Quinceañera in Lutheran church?


#1

My husband and I just received an invitation to a Quince for his cousin in Texas. The invitation said "please join me and witness me present myself to God at such and such Lutheran church"

First of all I definitely thought they were Catholic, but besides that, I was unaware that protestant Latinos celebrated Quinceañeras at church! A quince is a Latino Catholic tradition in which a 15 year old girl presents herself to the Church and promises to follow Mary as her model for womanhood and to devote herself to Jesus. Its a very Marian ceremony and is celebrated with a full Mass. I've never heard of one outside of a Catholic church.

Anyone else been to one or heard of one?


#2

From the LCMS’s Concordia Seminary in St. Louis, this:

[ATTACH]14192[/ATTACH]

Jon


#3

A Local ELCA Lutheran Church has a Spanish speaking Lutheran church that meets early - they're from Mexico and trace their church back to the German immigrants to Mexico. I'll admit that the thought of Lutherans in Mexico never crossed my mind, but boy was I'm impressed with what I saw of the service - very liturgically correct, yet very humble and gracious.


#4

Most of the quinceaneras I’ve been don’t have a whole lot to do with any church. Mexico’s culture is becoming increasingly secularized. The young women definitely don’t try to emmulate Our Lady.


#5

Quinceañeras may be very religious or entirely secular, depending on the family. In any case, Spanish-speaking Lutherans, Methodists, Anglicans and even evangelicals, Baptists, Adventists and Mormons have always celebrated them.


#6

Oh yeah! I work for a RCC parish here at So. Cal and I have heard of XV’s at non-Catholic churches. Frankly, a XV is NOT a sacrament,so celebrating outside the CC is not endangering anyone.


#7

[quote="Nicea325, post:6, topic:288966"]
Oh yeah! I work for a RCC parish here at So. Cal and I have heard of XV's at non-Catholic churches. Frankly, a XV is NOT a sacrament,so celebrating outside the CC is not endangering anyone.

[/quote]

Obviously not a sacrament and i certainly don't think anyone is endangered. I just never saw one before at any other kind of church, although my DH's family is Latino and Pentecostal/Evangelical. I suppose cultural norms and customs are carried over even with a change of religion. Very interesting.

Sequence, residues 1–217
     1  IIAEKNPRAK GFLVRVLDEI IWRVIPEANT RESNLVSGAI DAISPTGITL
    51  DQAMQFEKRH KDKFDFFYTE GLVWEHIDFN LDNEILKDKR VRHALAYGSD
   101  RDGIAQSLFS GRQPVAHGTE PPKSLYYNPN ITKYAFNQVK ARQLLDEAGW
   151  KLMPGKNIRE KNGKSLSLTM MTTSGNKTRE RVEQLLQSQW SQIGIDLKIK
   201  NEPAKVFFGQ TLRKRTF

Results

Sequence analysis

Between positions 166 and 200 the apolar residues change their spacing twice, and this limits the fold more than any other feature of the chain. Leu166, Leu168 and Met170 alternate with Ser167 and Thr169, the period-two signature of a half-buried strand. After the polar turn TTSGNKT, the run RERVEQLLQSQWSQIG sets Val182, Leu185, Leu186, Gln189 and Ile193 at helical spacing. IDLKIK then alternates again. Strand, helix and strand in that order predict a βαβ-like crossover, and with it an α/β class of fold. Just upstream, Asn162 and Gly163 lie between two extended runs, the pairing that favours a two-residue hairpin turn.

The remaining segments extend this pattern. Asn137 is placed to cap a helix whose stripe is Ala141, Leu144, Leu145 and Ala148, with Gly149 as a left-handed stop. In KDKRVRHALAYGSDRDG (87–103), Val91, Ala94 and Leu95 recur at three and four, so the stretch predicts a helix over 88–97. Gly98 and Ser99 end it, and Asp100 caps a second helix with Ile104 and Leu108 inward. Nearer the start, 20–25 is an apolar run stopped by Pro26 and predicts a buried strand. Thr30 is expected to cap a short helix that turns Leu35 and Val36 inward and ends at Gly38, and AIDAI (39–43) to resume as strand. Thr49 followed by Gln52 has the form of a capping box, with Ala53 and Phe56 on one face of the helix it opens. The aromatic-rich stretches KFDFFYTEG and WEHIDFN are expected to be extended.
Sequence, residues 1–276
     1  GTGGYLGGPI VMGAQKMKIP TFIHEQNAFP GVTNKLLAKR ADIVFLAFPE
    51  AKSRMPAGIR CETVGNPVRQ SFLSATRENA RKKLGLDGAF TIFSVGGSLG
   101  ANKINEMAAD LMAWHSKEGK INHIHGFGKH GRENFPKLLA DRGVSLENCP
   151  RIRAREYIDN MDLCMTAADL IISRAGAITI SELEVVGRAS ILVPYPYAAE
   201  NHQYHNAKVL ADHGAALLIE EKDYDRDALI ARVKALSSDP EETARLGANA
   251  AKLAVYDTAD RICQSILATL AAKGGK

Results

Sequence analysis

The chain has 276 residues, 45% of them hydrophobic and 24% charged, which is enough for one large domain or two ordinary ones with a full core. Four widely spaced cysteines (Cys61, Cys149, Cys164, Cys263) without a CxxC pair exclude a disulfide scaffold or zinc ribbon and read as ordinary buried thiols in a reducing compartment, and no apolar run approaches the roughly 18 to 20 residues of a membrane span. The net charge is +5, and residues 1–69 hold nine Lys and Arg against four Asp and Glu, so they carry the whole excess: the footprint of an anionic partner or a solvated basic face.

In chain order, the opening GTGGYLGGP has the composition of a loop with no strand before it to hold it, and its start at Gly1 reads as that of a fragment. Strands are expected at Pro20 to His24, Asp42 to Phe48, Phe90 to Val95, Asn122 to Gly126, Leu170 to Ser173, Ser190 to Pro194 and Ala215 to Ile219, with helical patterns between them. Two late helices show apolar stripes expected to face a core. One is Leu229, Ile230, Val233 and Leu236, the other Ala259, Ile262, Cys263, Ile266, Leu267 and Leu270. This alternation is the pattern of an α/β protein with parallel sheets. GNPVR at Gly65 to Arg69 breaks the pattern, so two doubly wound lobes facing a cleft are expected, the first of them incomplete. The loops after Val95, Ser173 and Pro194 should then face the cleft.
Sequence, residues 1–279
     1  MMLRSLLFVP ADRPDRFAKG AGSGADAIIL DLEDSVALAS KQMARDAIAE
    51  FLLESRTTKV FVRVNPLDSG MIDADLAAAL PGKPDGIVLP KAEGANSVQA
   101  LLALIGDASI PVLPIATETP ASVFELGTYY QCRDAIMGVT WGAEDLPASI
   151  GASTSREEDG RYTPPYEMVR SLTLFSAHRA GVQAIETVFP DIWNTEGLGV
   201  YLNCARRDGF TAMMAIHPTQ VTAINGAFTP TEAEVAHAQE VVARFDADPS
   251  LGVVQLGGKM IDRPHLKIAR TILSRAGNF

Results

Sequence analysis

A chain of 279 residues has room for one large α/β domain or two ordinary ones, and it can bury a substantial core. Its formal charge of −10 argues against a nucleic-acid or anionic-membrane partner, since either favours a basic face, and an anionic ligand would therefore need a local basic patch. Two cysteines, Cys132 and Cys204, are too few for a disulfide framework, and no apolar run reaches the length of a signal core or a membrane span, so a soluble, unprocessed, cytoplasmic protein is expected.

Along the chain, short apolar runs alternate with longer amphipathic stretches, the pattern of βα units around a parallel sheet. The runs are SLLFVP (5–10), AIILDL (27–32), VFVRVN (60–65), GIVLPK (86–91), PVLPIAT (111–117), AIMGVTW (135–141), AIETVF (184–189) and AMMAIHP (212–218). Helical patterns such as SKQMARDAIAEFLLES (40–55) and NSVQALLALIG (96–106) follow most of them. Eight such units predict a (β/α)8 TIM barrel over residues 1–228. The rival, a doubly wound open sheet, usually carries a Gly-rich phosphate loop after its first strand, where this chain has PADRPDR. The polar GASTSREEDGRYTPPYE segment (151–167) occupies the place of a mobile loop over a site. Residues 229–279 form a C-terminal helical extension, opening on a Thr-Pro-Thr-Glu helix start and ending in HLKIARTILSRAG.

#8

[quote="mt_gooseberry, post:4, topic:288966"]
Most of the quinceaneras I've been don't have a whole lot to do with any church. Mexico's culture is becoming increasingly secularized. The young women definitely don't try to emmulate Our Lady.

[/quote]

That might be an uncharitable generalization. If the family and the young lady thought it important enough to celebrate in their religious community, she may very well lead a chaste life...obviously neither of us could be certain, but the gospel leads me to giving her the benefit of the doubt.


#9

You’d be surprised at Luther’s belief’s of our Blessed Virgin Mary:

catholicculture.org/culture/library/view.cfm?id=788

excerpt:

Probably the most astonishing Marian belief of Luther is his acceptance of Mary’s Immaculate Conception, which wasn’t even definitively proclaimed as dogma by the Catholic Church until 1854. Concerning this question there is some dispute, over the technical aspects of medieval theories of conception and the soul, and whether or not Luther later changed his mind. Even some eminent Lutheran scholars, however, such as Arthur Carl Piepkorn (1907-73) of Concordia Seminary in St. Louis, maintain his unswerving acceptance of the doctrine. Luther’s words follow:

It is a sweet and pious belief that the infusion of Mary's soul was effected without original sin; so that in the very infusion of her soul she was also purified from original sin and adorned with God's gifts, receiving a pure soul infused by God; thus from the first moment she began to live she was free from all sin" (Sermon: "On the Day of the Conception of the Mother of God," 1527).
She is full of grace, proclaimed to be entirely without sin—something exceedingly great. For God's grace fills her with everything good and makes her devoid of all evil. (Personal {"Little"} Prayer Book, 1522).

Later references to the Immaculate Conception appear in his House sermon for Christmas (1533) and Against the Papacy of Rome (1545). In later life (he died in 1546), Luther did not believe that this doctrine should be imposed on all believers, since he felt that the Bible didn’t explicitly and formally teach it. Such a view is consistent with his notion of sola Scriptura and is similar to his opinion on the bodily Assumption of the Virgin, which he never denied—although he was highly critical of what he felt were excesses in the celebration of this Feast. In his sermon of August 15, 1522, the last time he preached on the Feast of the Assumption, he stated:

There can he no doubt that the Virgin Mary is in heaven. How it happened we do not know. And since the Holy Spirit has told us nothing about it, we can make of it no article of faith... It is enough to know that she lives in Christ.

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